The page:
Ethical Issues Raised When Parents Refuse Medical Treatment For their Ill Children

Submitted by Olga Zuyeva, BSN, MSHK, RNIII

Tags: child children ethical principles ethical principles in nursing ethical standards ethical values ethics nursing ethics parents treatment treatment options

Ethical Issues Raised When Parents Refuse Medical Treatment For their Ill Children

Share Article:

Working as a nurse, I am seeing ethical issues raises when parents refuse medical treatment for their ill children. Health care providers need rapid access to legal remedies in order to help children whose parents neglect medical treatment for their young because of their religious beliefs and hopes that a miracle might heal the kids.  Despite those parents, who strongly stand by their point of view about spiritual treatment, doctors and state continue considering such point of view as futile, neglect, and abuse of the children. According to the doctors and courts, the medical treatment in ill children is more effective to cure disease in comparison to the spiritual means. As a society, we should make it a priority to protect children from parental neglect and abuse in case of withholding medical treatment, which in many cases leads to death.

The facts show that there is a need for an alternative way for medical professionals to get permission from the state to stop parents from refusing medical treatment for their children.  However, many parents still believe that the proposed medical treatments for their children are either highly invasive, painful, involving side effects, or may cause death. That is why some parents make a decision to withhold their children from being medically treated. Instead, they search for a prayer or a miracle to do a job of healing.

At times, a parental decision of withdrawal of a child from a certain medical treatment may put a minor at risk of getting health complications or even death. Health care professionals should make it a priority to educate parents in this area, therefore enhance their ability in making a right decision for their children. It is important to promote the knowledge of the available treatment options that can help sick children.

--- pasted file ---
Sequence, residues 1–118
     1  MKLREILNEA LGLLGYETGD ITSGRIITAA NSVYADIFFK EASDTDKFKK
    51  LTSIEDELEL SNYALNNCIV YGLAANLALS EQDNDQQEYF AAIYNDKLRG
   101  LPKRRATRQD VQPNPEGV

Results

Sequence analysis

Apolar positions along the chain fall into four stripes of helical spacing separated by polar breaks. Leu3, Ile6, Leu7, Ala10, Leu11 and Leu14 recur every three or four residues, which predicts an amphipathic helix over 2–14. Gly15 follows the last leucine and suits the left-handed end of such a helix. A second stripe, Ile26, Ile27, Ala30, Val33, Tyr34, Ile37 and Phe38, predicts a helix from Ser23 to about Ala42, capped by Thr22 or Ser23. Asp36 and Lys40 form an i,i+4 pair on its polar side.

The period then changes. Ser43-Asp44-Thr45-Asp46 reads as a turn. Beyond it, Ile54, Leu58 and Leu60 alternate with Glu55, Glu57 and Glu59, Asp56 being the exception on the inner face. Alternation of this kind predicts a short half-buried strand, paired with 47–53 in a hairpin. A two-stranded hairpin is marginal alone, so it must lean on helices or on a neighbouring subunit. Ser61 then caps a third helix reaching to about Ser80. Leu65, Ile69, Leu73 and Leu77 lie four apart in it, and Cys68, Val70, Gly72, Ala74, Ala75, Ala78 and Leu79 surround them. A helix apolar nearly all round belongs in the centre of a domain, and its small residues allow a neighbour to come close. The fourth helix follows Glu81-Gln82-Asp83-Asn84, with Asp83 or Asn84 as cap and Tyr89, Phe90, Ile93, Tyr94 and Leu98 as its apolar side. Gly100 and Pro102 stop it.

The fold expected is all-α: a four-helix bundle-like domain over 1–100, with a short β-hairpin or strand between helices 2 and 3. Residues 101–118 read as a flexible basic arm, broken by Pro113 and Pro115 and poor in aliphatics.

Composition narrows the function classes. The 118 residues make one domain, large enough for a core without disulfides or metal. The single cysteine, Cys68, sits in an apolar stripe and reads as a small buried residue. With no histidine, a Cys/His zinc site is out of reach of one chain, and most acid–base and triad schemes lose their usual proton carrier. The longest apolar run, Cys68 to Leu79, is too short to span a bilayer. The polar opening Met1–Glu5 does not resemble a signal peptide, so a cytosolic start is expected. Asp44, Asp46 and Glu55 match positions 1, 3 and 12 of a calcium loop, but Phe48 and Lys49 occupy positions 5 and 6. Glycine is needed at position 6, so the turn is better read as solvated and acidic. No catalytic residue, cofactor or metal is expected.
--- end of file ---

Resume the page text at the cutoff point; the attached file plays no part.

Parents refused to provide medical care for their children based on their religious beliefs.  Minors were found to be neglected, when the parents declined the possibility of medical treatment that caused their children's lives.  The parents should be convicted in neglect and failure of providing medical care, despite of religious reasons.  With that being said, it becomes obvious that it is parent's responsibility to make a right decision on behalf of the minors and accept the available medical treatment options in order to treat the decease and avoid health complications or even death in young children.  Additionally, parents who believe in spiritual healing, need to view the use of religion oriented remedies as an alternative treatment, and never as a primary one.

Every human has a right to life, and that right should be protected by law.  It is each doctor's obligation to preserve a child's life where they can.  There are many ethical and legal issues about medical treatment and limitation of treatment for children with severe and fatal medical problems.  When issues arise with health care team or hospital management, the parents perceive some responses as legalistic and intimidating rather than constructive and compassionate. Over the last few decades, the law has been pleaded regularly by physicians and other health care providers concerned about the ethical and legal decisions.

After all, the parents may lose trust of the advice from doctors, which is central to the decision making process.  The quality of child’s life refers to emotional, social, and physical wellbeing and their intellectual capacity and also, ability to perform the ordinary tasks of living within community.  It can be difficult to predict whether a child will recover from any health problem, or develop disabilities. The families and health professionals have to make complex and emotionally demanding decisions about a child’s treatment and care.  When the parents are making decision about a child’s care there is no answer that is clearly “right “or “wrong”.  The communication between health care providers and parents should concentrate on how a decision should be made and who should make the decision. The health care providers should provide recommendations and conclusions in more detailed for the families to lower their frustration.  From ethical perspective, quality of life is hard to define.  Some parents have different opinions on what constitutes a “good” quality of life.